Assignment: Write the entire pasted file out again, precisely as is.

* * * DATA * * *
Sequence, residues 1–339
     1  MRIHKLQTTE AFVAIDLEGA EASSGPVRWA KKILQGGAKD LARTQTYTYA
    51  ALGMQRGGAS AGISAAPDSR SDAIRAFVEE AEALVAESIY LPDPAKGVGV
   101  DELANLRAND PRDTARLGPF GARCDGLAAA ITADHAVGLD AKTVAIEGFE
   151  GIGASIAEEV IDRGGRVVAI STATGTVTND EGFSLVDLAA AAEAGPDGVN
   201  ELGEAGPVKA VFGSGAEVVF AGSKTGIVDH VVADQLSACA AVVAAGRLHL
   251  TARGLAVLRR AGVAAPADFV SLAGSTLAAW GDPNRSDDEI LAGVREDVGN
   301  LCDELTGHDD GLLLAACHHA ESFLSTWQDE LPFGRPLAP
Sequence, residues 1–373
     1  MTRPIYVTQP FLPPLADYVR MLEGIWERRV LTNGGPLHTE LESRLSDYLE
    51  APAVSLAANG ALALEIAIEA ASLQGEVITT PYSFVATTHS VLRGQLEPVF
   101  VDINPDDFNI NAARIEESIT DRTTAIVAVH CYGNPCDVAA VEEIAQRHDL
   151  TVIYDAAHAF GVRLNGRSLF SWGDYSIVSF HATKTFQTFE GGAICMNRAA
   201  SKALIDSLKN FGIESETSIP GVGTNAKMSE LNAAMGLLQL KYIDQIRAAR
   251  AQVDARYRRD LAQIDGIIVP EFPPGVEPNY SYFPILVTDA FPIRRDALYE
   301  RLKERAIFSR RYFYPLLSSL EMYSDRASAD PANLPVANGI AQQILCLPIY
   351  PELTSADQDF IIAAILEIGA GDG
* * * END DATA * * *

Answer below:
Sequence, residues 1–339
     1  MRIHKLQTTE AFVAIDLEGA EASSGPVRWA KKILQGGAKD LARTQTYTYA
    51  ALGMQRGGAS AGISAAPDSR SDAIRAFVEE AEALVAESIY LPDPAKGVGV
   101  DELANLRAND PRDTARLGPF GARCDGLAAA ITADHAVGLD AKTVAIEGFE
   151  GIGASIAEEV IDRGGRVVAI STATGTVTND EGFSLVDLAA AAEAGPDGVN
   201  ELGEAGPVKA VFGSGAEVVF AGSKTGIVDH VVADQLSACA AVVAAGRLHL
   251  TARGLAVLRR AGVAAPADFV SLAGSTLAAW GDPNRSDDEI LAGVREDVGN
   301  LCDELTGHDD GLLLAACHHA ESFLSTWQDE LPFGRPLAP
Sequence, residues 1–373
     1  MTRPIYVTQP FLPPLADYVR MLEGIWERRV LTNGGPLHTE LESRLSDYLE
    51  APAVSLAANG ALALEIAIEA ASLQGEVITT PYSFVATTHS VLRGQLEPVF
   101  VDINPDDFNI NAARIEESIT DRTTAIVAVH CYGNPCDVAA VEEIAQRHDL
   151  TVIYDAAHAF GVRLNGRSLF SWGDYSIVSF HATKTFQTFE GGAICMNRAA
   201  SKALIDSLKN FGIESETSIP GVGTNAKMSE LNAAMGLLQL KYIDQIRAAR
   251  AQVDARYRRD LAQIDGIIVP EFPPGVEPNY SYFPILVTDA FPIRRDALYE
   301  RLKERAIFSR RYFYPLLSSL EMYSDRASAD PANLPVANGI AQQILCLPIY
   351  PELTSADQDF IIAAILEIGA GDG